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I'm working with a dataset that contains millions of polygons representing leased properties. In many cases, there are multiple polygons that are drawn on top of one another (representing multiple leases for the same property).

Currently I'm working on a process that will group these so that only one polygon geometry is used to represent multiple lease counterparts (same property leased multiple times). I have come up with a python script that uses an arcpy Select by Location, and compares the XY centroid coordinates, perimeter, area, and extent of overlapping polygons to apply a unique ID to these groups (basically). This works just fine, but it takes forever.

I'm wondering: would it be possible to use SQL (Using SQL Server Management Studio) to identify overlapping polygons (based on buffer of centroid) and group by other spatial attributes of the input polygon?

I have made an attempt at getting this to work, but got too many groups. I have around 41,000 polygons (for the first county) and should have fewer than 14,000 'unique' polygons or groups. I have access to FME and ArcGIS Advanced Licenses, so can anyone provide an alternative to using an arcpy.da Search cursor to select by location and compare selected polygon attributes in python?

Here is my first attempt at the SQL Query. The projected coordinate system uses meters, thus the +- 11 in the query for the extents.

    SELECT a.Poly_ID
    FROM
    (
    SELECT [OBJECTID]
          ,[SHAPE]
  ,[calc_acres]
  ,[perimeter]
  ,[CentX]
  ,[CentY]
  ,[X_Max]
  ,[Y_Max]
  ,[X_Min]
  ,[Y_Min]
  ,[Poly_ID]
  ,[leaseId]
  ,geometry::STGeomFromText('POINT (' + convert(varchar,[CentX]) + ' '+ convert(varchar,[CentY]) + ')', 5070) as cent_geom
   FROM [poly_topology].[gis_mfg].[LTPOLYGONS]) a 
  left join (
SELECT [OBJECTID]
  ,[SHAPE]
  ,[calc_acres]
  ,[perimeter]
  ,[CentX]
  ,[CentY]
  ,[X_Max]
  ,[Y_Max]
  ,[X_Min]
  ,[Y_Min]
  ,[Poly_ID]
  ,[leaseId]
  ,geometry::STGeomFromText('POINT (' + convert(varchar,[CentX]) + ' '+ convert(varchar,[CentY]) + ')', 5070) as cent_geom
 FROM [poly_topology].[gis_mfg].[LTPOLYGONS]) b on 
  a.cent_geom.STBuffer(6).STContains(b.cent_geom) = 1 and 
  b.perimeter > (a.perimeter - (a.perimeter * 0.03)) and b.perimeter < (a.perimeter + (a.perimeter * 0.03)) and
  b.calc_acres > (a.calc_acres - (a.calc_acres * 0.03)) and b.calc_acres < (a.calc_acres + ( a.calc_acres * 0.03)) and
  b.X_Max > (a.X_Max - 11) and b.X_Max < (a.X_Max + 11) and 
  b.Y_Max > (a.Y_Max - 11) and b.Y_Max < (a.Y_Max + 11) and 
  b.X_Min > (a.X_Min - 11) and b.X_Min < (a.X_Min + 11) and 
  b.Y_Min > (a.Y_Min - 11) and b.Y_Min < (a.Y_Min + 11) and b.leaseId != a.leaseId
  group by a.Poly_ID
  order by a.Poly_ID`

UPDATE: After implementing FelixIP's idea into my process, I found the following link: http://clear.uconn.edu/tools/Shape_Metrics/method.htm

This Shape Metrics tool is old, but the methodologies seem more robust than relying on perimeter, area, extent, and centroid alone. These values are susceptible to outliers, so not every polygon in a group is caught (mainly resulting from extraneous boundaries where two polygons were dissolved but the boundaries were not completely overlapping).

  • Calculate string field and concatenate in it string representations of you parameters (truncated to a couple of decimals), e.g. centreX, centreY, area). Dissolve polygons using this field (single part) – FelixIP Feb 10 '16 at 0:16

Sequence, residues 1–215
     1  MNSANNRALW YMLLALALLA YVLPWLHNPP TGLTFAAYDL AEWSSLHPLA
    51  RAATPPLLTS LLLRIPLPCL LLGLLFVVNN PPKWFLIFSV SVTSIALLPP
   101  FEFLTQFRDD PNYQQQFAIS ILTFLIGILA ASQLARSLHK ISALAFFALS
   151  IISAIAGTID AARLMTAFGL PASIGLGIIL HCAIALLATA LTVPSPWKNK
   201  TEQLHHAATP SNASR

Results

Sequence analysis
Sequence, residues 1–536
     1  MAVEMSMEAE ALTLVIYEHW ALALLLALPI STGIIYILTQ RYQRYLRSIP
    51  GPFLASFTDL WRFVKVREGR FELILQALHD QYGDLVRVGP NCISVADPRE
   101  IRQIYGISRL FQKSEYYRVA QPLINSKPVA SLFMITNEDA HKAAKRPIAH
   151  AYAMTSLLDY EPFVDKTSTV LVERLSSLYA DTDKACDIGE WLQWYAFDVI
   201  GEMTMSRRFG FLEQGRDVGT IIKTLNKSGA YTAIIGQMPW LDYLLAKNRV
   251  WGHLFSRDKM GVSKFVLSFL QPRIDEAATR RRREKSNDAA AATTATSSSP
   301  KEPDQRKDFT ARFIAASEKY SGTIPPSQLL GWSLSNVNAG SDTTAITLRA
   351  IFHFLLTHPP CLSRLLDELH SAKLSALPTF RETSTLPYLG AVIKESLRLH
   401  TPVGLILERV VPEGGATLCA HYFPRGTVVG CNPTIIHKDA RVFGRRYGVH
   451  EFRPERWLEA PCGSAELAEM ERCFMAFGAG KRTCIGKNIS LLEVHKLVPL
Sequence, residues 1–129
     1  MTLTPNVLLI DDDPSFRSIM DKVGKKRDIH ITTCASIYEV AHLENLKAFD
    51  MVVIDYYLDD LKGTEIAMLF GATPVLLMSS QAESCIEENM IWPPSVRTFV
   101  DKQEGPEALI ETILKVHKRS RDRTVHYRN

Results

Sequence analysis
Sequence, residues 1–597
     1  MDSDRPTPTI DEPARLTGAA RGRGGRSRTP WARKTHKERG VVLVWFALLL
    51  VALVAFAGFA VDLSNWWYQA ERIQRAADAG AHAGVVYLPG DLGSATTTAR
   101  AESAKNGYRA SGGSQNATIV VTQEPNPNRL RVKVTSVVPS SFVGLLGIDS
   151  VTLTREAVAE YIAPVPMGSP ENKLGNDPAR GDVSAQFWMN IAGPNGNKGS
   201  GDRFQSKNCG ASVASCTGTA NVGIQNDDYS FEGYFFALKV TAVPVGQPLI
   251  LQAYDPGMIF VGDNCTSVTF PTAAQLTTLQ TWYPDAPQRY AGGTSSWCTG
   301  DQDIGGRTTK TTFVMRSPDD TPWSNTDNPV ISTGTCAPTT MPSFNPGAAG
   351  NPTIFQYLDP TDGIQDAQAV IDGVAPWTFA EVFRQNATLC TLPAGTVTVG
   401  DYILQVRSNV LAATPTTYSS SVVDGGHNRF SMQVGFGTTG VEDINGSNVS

• It looks to me like the gist of what you are trying to do is locate polygons on top of each other, with a little bit of tolerance because they don't perfectly line up. Have you tried the Polygon Neighbors tool? You could assume polygons with 99% coverage (or whatever you think is appropriate) are matches. Here is the link. pro.arcgis.com/en/pro-app/tool-reference/analysis/…. – RHB Feb 10 '16 at 13:57
  • @RHB, I've never seen that one before but I'm trying it out now. I'll let you know how it turns out – crld Feb 10 '16 at 18:03
  • @FelixIP, That is a great idea, but it would require some reclassification of the fields, and I'm not convinced that classifying each field would result in the maximum number of matches. I will certainly give it a shot. – crld Feb 10 '16 at 18:09
  • @crld no reclass required. Can be done using single line of code in field calculator using python. E.g. '%s %s %s' %( int(!Shape!.centroid.X*100),int(!Shape!.centroid.Y*100), int(!Shape!.area*100)) – FelixIP Feb 10 '16 at 19:11
1

I found that replacing geometries by their string "signatures" is very efficient technique when comparing geometries. E.g. Assign point IDs to respective start and end attributes of a polyline or finding points that overlap. This approach combined with dictionaries is a game changer.

By some reason, that I don't fully understand, truncate produce more robust results than rounding or converting decimal to integers described in my comments. Thus this:

def truncate(f, n):
 s = '{}'.format(f)
 i, p, d = s.partition('.')
 return '.'.join([i, (d+'0'*n)[:n]])

'============================================

truncate( !Shape!.centroid.X,2)+truncate( !Shape!.centroid.Y,2)+truncate( !Shape!.area,2)

will potentially work better, when populating field for dissolve. In fact it is enough to summarise it and find minimum of sequential integer value stored in other field (FID and OBJECTID won't work when using standard Summarise tool, but are perfectly fine in script!). This way first unique features can be found and exported for further analysis

  • This is really nice. You can also use this calculated field with the field calculator to set up unique identifiers for each group so you can set up a one to many relate. – RHB Feb 12 '16 at 9:59

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